Wednesday, August 12, 2009

The Starting Line

I've seen some discussion on Starting The Novel recently. So of course, I thought I'd throw in my two cents. It usually comes out to be more like a nickel, but whatever. I'm generous, what can I say?

Anyway, I read something really great on Katie Ganshert's blog. (Everything Katie writes is really great. Follow her. Subscribe. She's awesome.) To summarize for those of you who are like me and don't like to click away once I've started reading, she said there are basically three places you can start your novel.

1. Before the Big Event (hereafter referred to as BE). And there has to be a BE. If you don't know what your BE is, you better figure it out BEfore you start. (lol) Katie says it starts with change. Change = BE.
2. During the BE
3. After the BE

I've always prescribed to #3. I like to start my stories AFTER something has happened. Sort of drop the reader right into the hot pot of oil and let them speculate as to how they got there. I think it takes a masterful author to do this, though. If you don't give your reader enough, they'll become frustrated with what they don't know.

So you're back to spoon feeding. You read yesterday, you know what spoon feeding is. If for some reason you were abducted by aliens and didn't read my post yesterday, just scroll down. It's there.

If you choose to start your novel after the BE, you have to be a spoon feeder. Luckily, I've had two children and well, yeah, that has nothing to do with my talent (or lack thereof) of trying to spoon feed my readers. But you know.

What do you guys think? Do you start before the BE? During? After? What are the benefits and disadvantages to each?

30 comments:

Michelle McLean said...

Both of my novels have started BE...I kind of like building up to it, though I try to start out in the middle of the big events (be) leading up to the Big Event (BE) :D

As you well know though ;-D beginnings are not my strong point. So I'm working with various ideas at the moment :D

Robyn Campbell said...

I tried starting my MG at the during. Which was right in the middle of a lightning storm. I was told that I needed to start it at Be. So I added a new chapter one. I like books that start during the excitement.

Then I started my YA during again. Beth said I needed to start it at BE. So that leads me to wonder. Why can't I ever start a book at the during part? Oh and the pacing was zooming. :) I rewrote it. I guess it works better, I just want a book that starts with a BANG!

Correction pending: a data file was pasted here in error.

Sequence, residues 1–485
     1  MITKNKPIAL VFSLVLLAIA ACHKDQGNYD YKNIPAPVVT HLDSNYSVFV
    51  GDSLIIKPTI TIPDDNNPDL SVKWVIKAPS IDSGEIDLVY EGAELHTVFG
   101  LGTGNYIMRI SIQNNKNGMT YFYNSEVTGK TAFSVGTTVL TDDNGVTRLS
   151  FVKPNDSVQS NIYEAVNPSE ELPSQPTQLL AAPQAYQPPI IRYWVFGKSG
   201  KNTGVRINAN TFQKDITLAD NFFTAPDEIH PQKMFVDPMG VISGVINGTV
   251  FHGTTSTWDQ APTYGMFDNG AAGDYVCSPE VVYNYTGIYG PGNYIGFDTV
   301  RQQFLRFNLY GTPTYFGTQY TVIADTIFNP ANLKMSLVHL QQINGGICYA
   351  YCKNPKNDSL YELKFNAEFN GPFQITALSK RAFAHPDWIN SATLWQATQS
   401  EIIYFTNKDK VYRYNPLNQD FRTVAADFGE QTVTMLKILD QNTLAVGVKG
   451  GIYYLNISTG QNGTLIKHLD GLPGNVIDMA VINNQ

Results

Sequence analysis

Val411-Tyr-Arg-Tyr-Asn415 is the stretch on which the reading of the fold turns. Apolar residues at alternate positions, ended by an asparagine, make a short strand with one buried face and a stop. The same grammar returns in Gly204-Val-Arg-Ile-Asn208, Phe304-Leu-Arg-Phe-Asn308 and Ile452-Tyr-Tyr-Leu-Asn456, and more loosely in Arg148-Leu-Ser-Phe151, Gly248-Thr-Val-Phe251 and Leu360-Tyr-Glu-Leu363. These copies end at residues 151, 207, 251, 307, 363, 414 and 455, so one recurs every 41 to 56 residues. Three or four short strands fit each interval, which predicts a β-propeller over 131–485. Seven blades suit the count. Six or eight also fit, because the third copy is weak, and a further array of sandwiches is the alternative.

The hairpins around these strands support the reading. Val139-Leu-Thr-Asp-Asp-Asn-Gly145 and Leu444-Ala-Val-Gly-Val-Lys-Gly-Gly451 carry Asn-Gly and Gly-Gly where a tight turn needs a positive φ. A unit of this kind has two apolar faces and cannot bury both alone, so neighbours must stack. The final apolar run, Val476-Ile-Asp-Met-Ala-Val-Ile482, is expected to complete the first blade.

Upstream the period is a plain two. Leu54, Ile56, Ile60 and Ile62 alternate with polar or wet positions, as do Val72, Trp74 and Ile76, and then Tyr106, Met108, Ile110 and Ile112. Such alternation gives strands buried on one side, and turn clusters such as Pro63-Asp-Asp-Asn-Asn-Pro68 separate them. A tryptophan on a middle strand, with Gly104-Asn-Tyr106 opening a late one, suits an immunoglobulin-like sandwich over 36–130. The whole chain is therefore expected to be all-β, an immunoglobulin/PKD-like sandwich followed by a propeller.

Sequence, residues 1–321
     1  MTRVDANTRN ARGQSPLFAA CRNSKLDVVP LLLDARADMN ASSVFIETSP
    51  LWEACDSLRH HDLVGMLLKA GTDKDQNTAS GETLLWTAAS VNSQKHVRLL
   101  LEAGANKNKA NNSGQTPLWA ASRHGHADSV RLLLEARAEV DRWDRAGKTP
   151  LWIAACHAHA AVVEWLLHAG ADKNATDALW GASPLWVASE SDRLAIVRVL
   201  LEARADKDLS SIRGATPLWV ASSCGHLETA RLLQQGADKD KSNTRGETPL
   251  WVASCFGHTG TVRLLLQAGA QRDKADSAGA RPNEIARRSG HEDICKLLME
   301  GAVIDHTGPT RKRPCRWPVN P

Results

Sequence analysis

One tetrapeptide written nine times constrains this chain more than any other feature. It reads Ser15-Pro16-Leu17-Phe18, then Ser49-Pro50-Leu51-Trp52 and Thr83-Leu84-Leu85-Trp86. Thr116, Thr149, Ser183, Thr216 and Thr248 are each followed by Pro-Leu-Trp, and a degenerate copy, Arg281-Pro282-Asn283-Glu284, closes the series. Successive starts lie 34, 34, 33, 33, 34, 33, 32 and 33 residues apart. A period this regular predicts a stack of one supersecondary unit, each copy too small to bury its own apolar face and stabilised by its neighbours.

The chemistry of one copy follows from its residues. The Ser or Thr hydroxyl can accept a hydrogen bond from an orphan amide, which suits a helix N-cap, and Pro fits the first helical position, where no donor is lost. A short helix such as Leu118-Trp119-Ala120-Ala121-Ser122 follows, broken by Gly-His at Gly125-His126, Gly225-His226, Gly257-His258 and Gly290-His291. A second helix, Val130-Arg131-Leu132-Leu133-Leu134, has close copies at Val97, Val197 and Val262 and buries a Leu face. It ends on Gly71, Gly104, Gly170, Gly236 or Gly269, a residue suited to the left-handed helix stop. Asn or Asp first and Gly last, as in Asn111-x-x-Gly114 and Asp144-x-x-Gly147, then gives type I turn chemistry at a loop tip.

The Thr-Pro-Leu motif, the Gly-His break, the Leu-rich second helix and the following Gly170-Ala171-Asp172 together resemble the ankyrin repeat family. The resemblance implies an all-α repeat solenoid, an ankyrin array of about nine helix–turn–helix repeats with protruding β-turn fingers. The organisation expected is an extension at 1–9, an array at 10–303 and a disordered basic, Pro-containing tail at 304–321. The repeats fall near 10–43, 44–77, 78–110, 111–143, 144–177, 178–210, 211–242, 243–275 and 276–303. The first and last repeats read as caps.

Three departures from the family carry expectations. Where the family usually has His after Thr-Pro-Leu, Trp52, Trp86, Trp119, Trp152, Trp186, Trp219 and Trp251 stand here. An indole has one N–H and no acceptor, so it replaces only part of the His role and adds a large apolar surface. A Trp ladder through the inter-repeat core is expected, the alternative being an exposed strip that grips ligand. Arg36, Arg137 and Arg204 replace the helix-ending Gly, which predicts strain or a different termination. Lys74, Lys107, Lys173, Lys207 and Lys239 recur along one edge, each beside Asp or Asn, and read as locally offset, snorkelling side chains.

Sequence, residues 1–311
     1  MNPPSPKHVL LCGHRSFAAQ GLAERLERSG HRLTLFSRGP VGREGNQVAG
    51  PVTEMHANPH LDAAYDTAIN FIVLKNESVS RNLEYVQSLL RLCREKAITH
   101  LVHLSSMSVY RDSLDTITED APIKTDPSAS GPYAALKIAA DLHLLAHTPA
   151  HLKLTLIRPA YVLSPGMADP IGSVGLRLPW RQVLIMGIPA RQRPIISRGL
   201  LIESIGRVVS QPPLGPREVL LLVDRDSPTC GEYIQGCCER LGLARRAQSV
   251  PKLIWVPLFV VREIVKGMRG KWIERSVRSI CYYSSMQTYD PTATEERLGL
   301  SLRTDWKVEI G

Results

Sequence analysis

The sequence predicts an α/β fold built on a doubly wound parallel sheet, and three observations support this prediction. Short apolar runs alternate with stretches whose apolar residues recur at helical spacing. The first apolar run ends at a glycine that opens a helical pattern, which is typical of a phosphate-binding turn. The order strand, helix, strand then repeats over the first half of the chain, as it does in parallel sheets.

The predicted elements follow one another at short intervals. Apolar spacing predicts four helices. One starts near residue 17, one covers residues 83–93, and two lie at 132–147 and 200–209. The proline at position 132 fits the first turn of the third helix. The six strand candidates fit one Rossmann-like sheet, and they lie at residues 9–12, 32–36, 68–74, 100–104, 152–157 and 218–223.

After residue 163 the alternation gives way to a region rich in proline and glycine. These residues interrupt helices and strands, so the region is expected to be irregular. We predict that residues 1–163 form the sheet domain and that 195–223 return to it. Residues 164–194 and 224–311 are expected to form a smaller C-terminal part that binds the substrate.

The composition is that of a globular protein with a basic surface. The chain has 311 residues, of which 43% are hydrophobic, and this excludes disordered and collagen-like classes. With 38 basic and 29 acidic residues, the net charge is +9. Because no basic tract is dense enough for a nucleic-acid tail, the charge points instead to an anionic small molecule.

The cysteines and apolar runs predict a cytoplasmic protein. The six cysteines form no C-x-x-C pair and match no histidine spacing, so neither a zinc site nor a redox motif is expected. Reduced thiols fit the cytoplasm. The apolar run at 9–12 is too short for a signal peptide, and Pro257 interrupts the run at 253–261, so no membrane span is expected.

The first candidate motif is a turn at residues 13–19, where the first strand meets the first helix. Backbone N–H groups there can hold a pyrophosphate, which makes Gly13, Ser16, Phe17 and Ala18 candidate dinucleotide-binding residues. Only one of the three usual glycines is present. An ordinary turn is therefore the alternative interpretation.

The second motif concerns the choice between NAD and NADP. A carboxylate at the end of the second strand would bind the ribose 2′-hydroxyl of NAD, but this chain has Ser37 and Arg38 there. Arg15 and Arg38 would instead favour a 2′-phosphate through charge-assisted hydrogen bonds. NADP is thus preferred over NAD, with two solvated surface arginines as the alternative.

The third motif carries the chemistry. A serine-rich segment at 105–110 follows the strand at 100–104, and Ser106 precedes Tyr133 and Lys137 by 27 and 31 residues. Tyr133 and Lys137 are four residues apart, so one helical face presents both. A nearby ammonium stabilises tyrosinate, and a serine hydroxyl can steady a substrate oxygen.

Cory said...

My novels so far start off just before the Big Event - but after another, smaller event. That gives me the best of both worlds, I guess - I start in the midst of some kind of action, but usually small enough that I only have to drop a line or two to make my readers feel oriented. At the same time, it gives the reader a page (or two, or ten, or a chapter...) to get to know the character and establish their situation before I drop the Big Event on them.

Of course, my next novel will take place half a year after what might be the biggest event in my main character's life, so, you know. Ignore everything I say, because apparently, I do that as well :D

Aaron Polson said...

Whether a short story or novel, I start just before or during an event. The BE has to come a little later...but the main character needs to be in motion when the story starts, not sitting at home waiting for pizza delivery.

Catherine J Gardner said...

My current WIP is after the big event, and I'm sitting here scratching at my brain to think of one that started before. I'm sure I've done all three at some point.

Casey McCormick said...

Mine is after BE. It makes things so intriguing and you don't have to worry about your hook quite as much, because you KNOW you're throwing the reader right into it and not (possibly) leading up to it with dribble.

Scott said...

Most times after, sometimes before, but rarely at the BE.

S

Novice Writer Anonymous said...

It's a mix for me. My current novel, I'm starting right before the BE because there are sub-plots that pick up steam and act as impetus for the main thing of the first half of the book. Then the BE of the first half leads into the BE of the second half.

My short stories usually start in the middle of the BE.

And my poetry is all about the BE so take that for what you will.

Rebecca Knight said...

I'm a big believer of starting in media res. If it's good enough for Homer, it's good enough for me! :)

Great post!

Annie Louden said...

I start before, but that is usually because I don't yet know what the BE is.

Tricia J. O'Brien said...

I started my WIP at every possible place I could think of (great honkin' file of aborted starts). I thought I had an action-packed opener that was media res, but when I took it to a conference where big-time editors and agents got a read, they pretty much all said that they wanted more character development before the inciting event. So back to the drawing board. One of my new starts was at birth (no backstory there!) but I quickly abandoned that idea.

Mandy said...

I am definitely a before the BE writer. I like to start at the moment just before and work from there. Whether or not that's the best way to do it is yet to be seen.... ;)